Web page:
The Seeing Oneself Initiative delivered a school-based curriculum designed to prevent youth substance abuse in Aboriginal communities. The project aimed to enhance the health and well-being of at-risk Aboriginal youth, increase community safety, and reduce crimes associated with youth substance use/abuse. This project aimed to reach 360 high-risk youth, 13-17 years of age, who had existing or emerging substance-abuse issues. Key activities were coordinated in 4 schools located in neighbourhoods with multiple risk factors in various school divisions in Winnipeg, Manitoba.
To further meet the aim of the project, this initiative incorporated culturally-appropriate substance education programming within a bi-cultural competence approach to skills training. This approach was designed to equip young people with skills required to negotiate between mainstream culture and Aboriginal cultures. In addition, the project also offered conventional cognitive-behavioural skills development programming, which included culturally tailored content and activities.
Strong Heart Teaching Lodge
715 Main St.
Organization: Prince Albert Outreach Program Inc.
Project Title: Youth Alliance against Gang Violence (YAAGV)
Duration: August 15, 2007 – March 31, 2012
Youth Alliance against Gang Violence (YAAGV) was built on promising practices from the Warrior Spirit Walking program. Warrior Spirit Walking is a program that focuses on assisting gang members with exiting the gang lifestyle and becoming law-abiding citizens.
In implementing the Warrior Spirit Walking program, YAAGV used a youth engagement model to work with Aboriginal youth involved in gangs, youth living in gang-active families and neighbourhoods, and youth who were at high risk of recruitment, exploitation and victimization by gangs. Key partners in the project included Aboriginal agencies, health services, school boards, criminal justice services and employment development services. These partners helped provide specific programming for gang members who were parents, had drug abuse issues, or exhibited violent and destructive behaviours. The project focused on three main groups: youth aged 9-12 years old, youth of age for criminal charges with histories of criminal behaviour, and 14-19 year olds wanting to disengage from gang activity and at risk of violence from within their current gang or from other gangs. The project aimed to reach approximately 380 youth annually.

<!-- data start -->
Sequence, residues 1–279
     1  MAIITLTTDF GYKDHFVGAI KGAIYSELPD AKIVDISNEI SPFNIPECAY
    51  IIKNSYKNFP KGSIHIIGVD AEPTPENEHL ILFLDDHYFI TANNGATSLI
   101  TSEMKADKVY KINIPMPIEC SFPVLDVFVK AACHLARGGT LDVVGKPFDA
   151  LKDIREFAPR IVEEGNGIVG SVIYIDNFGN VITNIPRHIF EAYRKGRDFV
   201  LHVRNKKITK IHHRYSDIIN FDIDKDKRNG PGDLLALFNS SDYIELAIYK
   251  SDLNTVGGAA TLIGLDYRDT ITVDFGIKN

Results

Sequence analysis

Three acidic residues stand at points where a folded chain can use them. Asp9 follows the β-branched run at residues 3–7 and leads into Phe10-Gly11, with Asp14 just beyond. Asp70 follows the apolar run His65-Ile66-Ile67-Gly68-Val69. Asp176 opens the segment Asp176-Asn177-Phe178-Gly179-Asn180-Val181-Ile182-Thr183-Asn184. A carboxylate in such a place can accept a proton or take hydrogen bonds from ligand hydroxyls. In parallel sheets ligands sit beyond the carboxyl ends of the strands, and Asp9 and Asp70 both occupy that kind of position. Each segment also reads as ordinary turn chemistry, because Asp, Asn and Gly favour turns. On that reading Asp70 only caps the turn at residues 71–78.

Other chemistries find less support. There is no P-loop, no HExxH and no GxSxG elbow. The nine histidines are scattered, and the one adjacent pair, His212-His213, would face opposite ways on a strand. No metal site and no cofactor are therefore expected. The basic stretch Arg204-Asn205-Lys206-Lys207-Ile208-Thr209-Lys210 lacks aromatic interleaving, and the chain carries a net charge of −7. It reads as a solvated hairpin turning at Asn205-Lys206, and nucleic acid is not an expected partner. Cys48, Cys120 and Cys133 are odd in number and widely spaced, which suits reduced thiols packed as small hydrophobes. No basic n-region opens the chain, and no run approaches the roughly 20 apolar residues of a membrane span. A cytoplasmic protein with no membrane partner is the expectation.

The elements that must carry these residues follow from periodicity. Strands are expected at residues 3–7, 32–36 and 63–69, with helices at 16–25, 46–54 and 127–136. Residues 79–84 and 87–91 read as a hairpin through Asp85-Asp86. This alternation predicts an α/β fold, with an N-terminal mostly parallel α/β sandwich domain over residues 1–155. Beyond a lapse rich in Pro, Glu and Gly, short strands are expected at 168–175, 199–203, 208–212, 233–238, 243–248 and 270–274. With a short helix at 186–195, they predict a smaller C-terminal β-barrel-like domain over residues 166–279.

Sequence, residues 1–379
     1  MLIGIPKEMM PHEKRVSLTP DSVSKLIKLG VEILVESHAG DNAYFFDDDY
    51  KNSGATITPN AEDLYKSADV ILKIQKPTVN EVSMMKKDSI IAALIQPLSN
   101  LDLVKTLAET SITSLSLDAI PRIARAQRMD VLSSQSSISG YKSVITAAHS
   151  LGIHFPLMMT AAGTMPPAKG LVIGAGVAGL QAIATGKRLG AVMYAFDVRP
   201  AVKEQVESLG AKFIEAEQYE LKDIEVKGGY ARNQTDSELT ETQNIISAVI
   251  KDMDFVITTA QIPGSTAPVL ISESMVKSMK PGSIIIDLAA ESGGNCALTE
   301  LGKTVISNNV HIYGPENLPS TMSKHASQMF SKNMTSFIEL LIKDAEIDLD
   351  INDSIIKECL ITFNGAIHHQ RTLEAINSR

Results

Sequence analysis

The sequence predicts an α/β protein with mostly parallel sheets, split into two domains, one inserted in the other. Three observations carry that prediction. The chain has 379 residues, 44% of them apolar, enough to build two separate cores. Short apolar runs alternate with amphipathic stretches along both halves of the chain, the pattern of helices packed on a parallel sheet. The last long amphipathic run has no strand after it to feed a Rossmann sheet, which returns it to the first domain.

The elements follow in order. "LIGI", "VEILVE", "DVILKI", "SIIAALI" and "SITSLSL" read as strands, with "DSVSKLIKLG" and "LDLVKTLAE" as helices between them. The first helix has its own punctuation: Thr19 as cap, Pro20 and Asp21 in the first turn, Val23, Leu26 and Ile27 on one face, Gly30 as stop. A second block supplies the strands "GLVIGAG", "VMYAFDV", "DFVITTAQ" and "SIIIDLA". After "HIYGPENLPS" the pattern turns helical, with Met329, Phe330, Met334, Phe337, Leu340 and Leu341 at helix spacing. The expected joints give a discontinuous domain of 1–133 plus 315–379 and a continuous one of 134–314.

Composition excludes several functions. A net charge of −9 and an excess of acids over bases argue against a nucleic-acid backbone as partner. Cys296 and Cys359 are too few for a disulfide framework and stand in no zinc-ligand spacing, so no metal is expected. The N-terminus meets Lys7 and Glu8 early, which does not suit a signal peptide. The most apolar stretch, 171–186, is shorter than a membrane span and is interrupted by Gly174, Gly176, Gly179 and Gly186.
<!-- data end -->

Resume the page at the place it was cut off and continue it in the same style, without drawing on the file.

For a more detailed summary of this project, please visit:
Prince Albert Outreach Program Inc
1211 – 1st Ave West
Prince Albert, SK
Tel: 306-763-3552 or 953-4822
Organization: Paskwawaskihk Administration
Project Title: Capturing Our Youth: A Crime Prevention Initiative Project for the Youth of the Little Red River Reserve #106B
Duration: September 15, 2009 – December 31, 2012
The Capturing Our Youth project engaged approximately 120 First Nation youth, 8 to 16 years of age, to reduce their involvement in high-risk and criminal behaviour. The project was based on the Botvin Life Skills Training program with additional cultural and recreational components. The Botvin Life Skills Training program is a school-based prevention program that targets tobacco, alcohol, and drug abuse among youth. It helps youth build the knowledge and skills they need to resist peer pressure, increase positive self-image, develop effective problem-solving skills, and maintain healthy relationships. The cultural and recreational components consist of activities such as sweat lodges, traditional dances, pipe ceremonies, sharing circles, rites of passage, unity rides, drumming, teepee building, and sacred teachings. These activities are designed to strengthen positive attitudes and pride in Cree culture and to facilitate the acquisition of pro-social skills through experiential learning.